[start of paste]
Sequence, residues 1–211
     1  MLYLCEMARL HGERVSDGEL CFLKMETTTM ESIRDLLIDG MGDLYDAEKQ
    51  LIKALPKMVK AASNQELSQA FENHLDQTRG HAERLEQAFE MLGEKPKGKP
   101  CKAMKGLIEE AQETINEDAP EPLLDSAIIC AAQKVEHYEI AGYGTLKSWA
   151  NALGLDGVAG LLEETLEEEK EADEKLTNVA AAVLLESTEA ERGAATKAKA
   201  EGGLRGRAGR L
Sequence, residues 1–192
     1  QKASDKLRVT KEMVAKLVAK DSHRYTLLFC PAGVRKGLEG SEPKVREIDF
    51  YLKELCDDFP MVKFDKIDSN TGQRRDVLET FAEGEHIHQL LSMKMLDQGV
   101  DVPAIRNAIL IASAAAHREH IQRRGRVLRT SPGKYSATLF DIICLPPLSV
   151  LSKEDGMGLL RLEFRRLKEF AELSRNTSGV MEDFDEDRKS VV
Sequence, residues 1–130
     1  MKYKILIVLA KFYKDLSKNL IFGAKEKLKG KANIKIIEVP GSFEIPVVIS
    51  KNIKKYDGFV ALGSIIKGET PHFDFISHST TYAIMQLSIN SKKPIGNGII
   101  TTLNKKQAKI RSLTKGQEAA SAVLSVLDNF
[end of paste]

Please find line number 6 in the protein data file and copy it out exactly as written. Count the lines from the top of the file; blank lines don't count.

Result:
   201  EGGLRGRAGR L